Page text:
How does 3D printing, or additive manufacturing, contribute to industrial sustainability? That was the big question at 3D-Action’s fourth seminar, which took place in Borås on April 25.
About forty people defied the rain and made their way to Borås Fashion Center to participate in 3D-Actions seminar “Sustainability through additive manufacturing”. Another 15 people joined via link. The atmosphere was one of curiosity and anticipation as Seyed Hosseini from RISE took the stage to present the project and the day's agenda. For the next five hours, we were to listen to a smorgasbord of speakers addressing sustainability from different perspectives.
First up was Jon Erik Borgen from Ocean Tech Hub, LDA. A Portuguese company that transforms discarded fishing nets into polyamide pellets and, by extension, textiles and 3D printed designer furniture. A ripple went through the room as Borgen shared the dismal fact that 50 percent of all marine litter is generated by the fishing industry. He went on to describe Ocean Tech Hub’s process and vision for a network of circular micro factories, which collects and recycles worn fishing nets in coastal communities across the globe.
“Fishermen need to change their nets often, unfortunately. If we could collect all these barely used nets it would give us access to immense amounts of very clean material. No additives are needed, you only stabilize it”, Borgen said.
Next up was Magnus Bergman from VBN Components, a company that develops very hard and abrasion-resistant metal materials for additive manufacturing.
“The manufacturing industry is facing a paradigm shift”, he said. “Conventional subtractive methods are replaced with additive manufacturing”.
It was sustainability through a simplified process and durable materials that was the focus of Bergman’s presentation. He described how VBN Components, with the help of additive manufacturing, has been able to boil down the traditionally resource-consuming manufacturing process to a few simple steps, without compromising the result. Through high carbide content and hot isostatic pressing (HIP) they have been able to create very hard and strong materials, comparable to traditionally produced metals, such as tool steel.
After lunch, a guided tour of the Smart Textiles showroom was offered, with the opportunity to get a look at the very latest textile innovations and sustainable fabrics. The participants also had the chance to listen till Erik Valvring, innovation leader at Borås Science Park, as he talked about different sustainability and automation projects carried out at Borås Textile Center.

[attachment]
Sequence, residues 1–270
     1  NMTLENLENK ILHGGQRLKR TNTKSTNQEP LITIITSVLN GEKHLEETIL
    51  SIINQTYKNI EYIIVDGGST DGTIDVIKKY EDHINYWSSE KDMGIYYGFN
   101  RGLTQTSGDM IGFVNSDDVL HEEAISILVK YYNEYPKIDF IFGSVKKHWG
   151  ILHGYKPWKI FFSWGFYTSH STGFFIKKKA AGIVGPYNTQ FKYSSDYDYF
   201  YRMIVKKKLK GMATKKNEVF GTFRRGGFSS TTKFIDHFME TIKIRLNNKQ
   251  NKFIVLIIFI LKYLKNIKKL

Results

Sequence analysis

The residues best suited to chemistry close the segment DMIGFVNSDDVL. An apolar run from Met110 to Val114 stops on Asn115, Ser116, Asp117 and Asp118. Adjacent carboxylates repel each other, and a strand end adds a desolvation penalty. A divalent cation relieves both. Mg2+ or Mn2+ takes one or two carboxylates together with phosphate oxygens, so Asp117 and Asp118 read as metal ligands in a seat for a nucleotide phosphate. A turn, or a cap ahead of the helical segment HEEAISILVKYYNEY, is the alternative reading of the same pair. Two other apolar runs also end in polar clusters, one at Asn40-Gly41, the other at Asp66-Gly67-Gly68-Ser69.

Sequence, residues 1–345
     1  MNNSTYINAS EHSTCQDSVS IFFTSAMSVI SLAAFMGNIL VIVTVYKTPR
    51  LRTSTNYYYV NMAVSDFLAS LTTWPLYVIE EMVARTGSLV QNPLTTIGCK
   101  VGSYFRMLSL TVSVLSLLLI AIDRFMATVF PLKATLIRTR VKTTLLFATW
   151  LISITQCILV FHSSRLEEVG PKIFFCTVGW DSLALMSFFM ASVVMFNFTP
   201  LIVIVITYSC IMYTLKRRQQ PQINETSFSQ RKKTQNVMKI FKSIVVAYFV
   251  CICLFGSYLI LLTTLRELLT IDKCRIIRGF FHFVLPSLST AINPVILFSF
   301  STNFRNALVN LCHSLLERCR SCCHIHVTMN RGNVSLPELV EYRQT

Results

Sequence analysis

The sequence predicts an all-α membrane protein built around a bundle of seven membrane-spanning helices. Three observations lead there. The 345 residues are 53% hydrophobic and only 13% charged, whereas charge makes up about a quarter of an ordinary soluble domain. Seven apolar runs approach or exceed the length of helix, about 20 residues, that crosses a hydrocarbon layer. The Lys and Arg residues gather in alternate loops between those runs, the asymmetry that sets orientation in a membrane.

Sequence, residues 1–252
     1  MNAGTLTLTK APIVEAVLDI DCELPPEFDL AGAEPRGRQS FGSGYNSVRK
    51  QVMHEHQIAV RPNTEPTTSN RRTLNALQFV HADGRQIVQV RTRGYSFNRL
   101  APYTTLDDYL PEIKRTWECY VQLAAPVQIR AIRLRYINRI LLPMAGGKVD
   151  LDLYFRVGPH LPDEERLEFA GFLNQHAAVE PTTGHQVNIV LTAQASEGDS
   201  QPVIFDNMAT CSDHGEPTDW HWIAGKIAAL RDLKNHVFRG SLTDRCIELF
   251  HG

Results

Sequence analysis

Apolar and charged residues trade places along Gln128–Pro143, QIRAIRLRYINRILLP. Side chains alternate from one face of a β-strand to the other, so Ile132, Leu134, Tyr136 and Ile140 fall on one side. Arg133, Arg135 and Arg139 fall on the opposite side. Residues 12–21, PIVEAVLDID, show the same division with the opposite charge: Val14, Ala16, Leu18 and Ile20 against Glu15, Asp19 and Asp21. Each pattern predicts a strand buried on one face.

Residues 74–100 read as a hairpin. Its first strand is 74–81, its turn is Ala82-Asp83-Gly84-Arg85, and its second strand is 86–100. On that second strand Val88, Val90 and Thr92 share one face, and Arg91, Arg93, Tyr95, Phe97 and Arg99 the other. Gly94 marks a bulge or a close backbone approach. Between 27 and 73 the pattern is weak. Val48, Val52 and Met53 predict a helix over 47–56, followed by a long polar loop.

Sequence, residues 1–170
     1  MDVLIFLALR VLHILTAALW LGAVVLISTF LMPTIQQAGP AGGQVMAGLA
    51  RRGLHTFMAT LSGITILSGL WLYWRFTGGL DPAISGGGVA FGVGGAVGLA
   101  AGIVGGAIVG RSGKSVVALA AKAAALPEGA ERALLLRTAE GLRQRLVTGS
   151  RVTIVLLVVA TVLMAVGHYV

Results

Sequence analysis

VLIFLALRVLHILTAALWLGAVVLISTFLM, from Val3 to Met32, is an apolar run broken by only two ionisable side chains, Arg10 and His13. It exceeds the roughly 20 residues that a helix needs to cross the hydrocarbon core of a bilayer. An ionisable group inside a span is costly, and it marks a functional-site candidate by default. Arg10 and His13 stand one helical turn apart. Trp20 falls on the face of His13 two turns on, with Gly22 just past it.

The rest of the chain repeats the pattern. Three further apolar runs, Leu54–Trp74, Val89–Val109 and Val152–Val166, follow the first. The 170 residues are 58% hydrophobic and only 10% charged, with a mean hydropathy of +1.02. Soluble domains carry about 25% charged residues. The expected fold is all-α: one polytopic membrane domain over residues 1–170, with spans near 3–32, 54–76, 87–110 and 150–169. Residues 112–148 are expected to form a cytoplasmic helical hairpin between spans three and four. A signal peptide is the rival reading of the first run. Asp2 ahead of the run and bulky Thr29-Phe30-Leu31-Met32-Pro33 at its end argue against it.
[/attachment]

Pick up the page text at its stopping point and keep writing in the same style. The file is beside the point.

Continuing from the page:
The afternoon featured three more company presentations, a coffee break and post-session talks. The first speaker was Christofer Åhman from Add:north. We returned to circular production or, to be precise, the art of creating new products on demand by recycled or biobased materials. Add:north shared their business model: creating filament (material for 3D printing) from industrial residual waste in PLA, and using it to print everything from interior design elements to functional spare parts, which can be recycled again.
“A study carried out by Chalmers Industriteknik showed that we reduce our carbon footprint by 0.79 kilo per every kilo recycled PLA we produce”, Åhman said.
Åhman was followed by Marcel Escursell from SKF, who works with laser cladding.
“I would say that laser cladding is more 2.5D printing than 3D printing. We always start with an existing material, such as an axial bearing or a roller bearing”, Escursell explained.
Laser cladding involves printing a hard, durable and corrosion resistant metal surface on an existing product. The bulk material doesn’t necessarily have to be of high quality, since it’s the coating that will be subjected to stress. The method enhances a product’s lifespan and durability at a low material cost, which is positive from a sustainability perspective.
The final speaker was Johanna Vesterberg from Normada Furniture. She talked about how she has pushed the boundaries of what is considered possible within additive manufacturing by producing a 95 kilo biocomposite sofa, that can be recycled seven times. The company’s vision is to produce 100 % circular products that are produced locally, with locally sourced materials, on demand. She proudly announced that the company is already meeting 12 of the 17 sustainable development goals formulated by the UN.
As Vesterberg exited the stage the seminar came to an end. Many chose to stay around for the post-session talks and a chance to look at the machines and 3D printed objects that were on display.
3D-Action is planning another insight seminar, to be held in late summer/early autumn 2023. More information on the topic, date and registration process will be published on the Events and Conferences page shortly.
Visit the 3D-Action website for more information about the project and contact us if you have any questions or would like to participate in the feasibility study!